NFAD Arrays for Single Photon Optical Communications at 1.5 um

Award Information
Agency:
National Aeronautics and Space Administration
Branch
n/a
Amount:
$599,796.00
Award Year:
2011
Program:
SBIR
Phase:
Phase II
Contract:
NNX11CB10C
Award Id:
n/a
Agency Tracking Number:
094313
Solicitation Year:
2009
Solicitation Topic Code:
O1.06
Solicitation Number:
n/a
Small Business Information
NJ, Cranbury, NJ, 08512-3509
Hubzone Owned:
N
Minority Owned:
N
Woman Owned:
N
Duns:
170161595
Principal Investigator:
MarkItzler
Principal Investigator
(609) 495-2551
mitzler@princetonlightwave.com
Business Contact:
MarkItzler
Chief Technical Officer
(609) 495-2551
mitzler@princetonlightwave.com
Research Institute:
Stub




Abstract
For this program, we propose to develop large pixel-count single photon counting detector arrays suitable for deployment in spacecraft terminal receivers supporting long-range laser communication systems at 1.5 um. To surmount the present obstacles to higher photon counting rate -- as well as the complexity of back-end circuitry required -- in using conventional single photon avalanche diodes (SPADs), we will leverage initial success in monolithically integrating "negative feedback" elements with state-of-the-art SPADs to beneficially modify the device avalanche dynamics. This approach can achieve extremely consistent passive quenching, and appropriate implementations can lead to rather small avalanches (e.g., ~10^4?10^5 carriers), for which reduced carrier trapping provides lower afterpulsing that will no longer limit the photon counting rate. When correctly implemented, this "negative feedback" avalanche diode (NFAD) design is also extremely simple to operate: with just a fixed dc bias voltage, the NFAD will autonomously execute the entire arm, avalanche, quench, and re-arm cycle and generate an output pulse every time an avalanche event is induced. During Phase 1 of this program, we characterized 5 different discrete NFAD designs to identify specific pixel-level design opportunities for reducing afterpulsing and timing jitter. We also fabricated and characterized wafer-level test structures that show excellent feedback element yield and uniformity sufficient for large-format NFAD arrays. These proofs-of-feasibility from Phase 1 position us to demonstrate space-qualifiable large pixel-count 128 x 128 NFAD arrays during a Phase 2 effort. This effort will also include the development of appropriate test platforms for NFAD array packaging and characterization.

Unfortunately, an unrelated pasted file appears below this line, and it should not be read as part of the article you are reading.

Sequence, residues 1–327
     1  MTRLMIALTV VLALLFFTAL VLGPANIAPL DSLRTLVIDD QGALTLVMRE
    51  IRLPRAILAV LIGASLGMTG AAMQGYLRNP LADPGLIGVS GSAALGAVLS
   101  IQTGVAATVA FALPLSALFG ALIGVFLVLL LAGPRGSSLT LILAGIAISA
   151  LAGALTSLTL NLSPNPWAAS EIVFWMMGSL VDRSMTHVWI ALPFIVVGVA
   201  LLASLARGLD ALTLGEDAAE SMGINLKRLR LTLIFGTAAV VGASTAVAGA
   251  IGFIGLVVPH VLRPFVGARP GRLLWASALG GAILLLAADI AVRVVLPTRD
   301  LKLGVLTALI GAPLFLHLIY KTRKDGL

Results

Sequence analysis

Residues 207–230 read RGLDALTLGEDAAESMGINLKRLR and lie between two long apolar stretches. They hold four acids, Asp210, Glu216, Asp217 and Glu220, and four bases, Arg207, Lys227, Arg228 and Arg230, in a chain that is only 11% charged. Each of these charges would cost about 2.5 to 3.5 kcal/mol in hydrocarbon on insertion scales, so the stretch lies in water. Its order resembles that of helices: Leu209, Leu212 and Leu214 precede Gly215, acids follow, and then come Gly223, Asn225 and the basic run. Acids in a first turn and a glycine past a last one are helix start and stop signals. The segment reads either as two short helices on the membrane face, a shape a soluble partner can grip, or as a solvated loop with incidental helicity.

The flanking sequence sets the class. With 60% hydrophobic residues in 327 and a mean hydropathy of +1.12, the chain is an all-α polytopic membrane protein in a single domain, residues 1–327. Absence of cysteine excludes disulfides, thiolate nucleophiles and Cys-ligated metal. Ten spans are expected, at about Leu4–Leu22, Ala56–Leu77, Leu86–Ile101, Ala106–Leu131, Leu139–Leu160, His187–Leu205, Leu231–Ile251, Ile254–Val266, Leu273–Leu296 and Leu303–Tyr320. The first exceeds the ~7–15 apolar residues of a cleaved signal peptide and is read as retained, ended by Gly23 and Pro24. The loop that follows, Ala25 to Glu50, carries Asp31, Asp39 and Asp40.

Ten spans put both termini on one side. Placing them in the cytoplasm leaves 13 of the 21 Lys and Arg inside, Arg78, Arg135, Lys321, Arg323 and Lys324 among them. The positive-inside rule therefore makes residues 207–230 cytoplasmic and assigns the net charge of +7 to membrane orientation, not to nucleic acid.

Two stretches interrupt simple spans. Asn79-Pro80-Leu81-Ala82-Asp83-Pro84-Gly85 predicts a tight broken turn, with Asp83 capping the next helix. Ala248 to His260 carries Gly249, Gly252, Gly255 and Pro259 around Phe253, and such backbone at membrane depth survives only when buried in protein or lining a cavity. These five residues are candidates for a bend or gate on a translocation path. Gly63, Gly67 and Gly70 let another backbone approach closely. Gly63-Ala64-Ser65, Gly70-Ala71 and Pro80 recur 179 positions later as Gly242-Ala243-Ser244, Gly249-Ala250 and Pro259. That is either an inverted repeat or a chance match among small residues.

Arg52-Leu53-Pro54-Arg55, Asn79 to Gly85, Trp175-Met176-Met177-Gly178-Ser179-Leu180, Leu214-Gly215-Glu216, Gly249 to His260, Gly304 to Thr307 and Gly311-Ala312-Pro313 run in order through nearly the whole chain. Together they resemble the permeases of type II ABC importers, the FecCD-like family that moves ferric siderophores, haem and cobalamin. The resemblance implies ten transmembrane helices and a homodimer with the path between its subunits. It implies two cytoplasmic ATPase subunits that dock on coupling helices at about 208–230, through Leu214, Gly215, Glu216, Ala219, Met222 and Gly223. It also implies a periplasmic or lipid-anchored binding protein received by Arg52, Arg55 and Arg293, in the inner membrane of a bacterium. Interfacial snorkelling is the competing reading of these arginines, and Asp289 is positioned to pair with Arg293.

* information listed above is at the time of submission.

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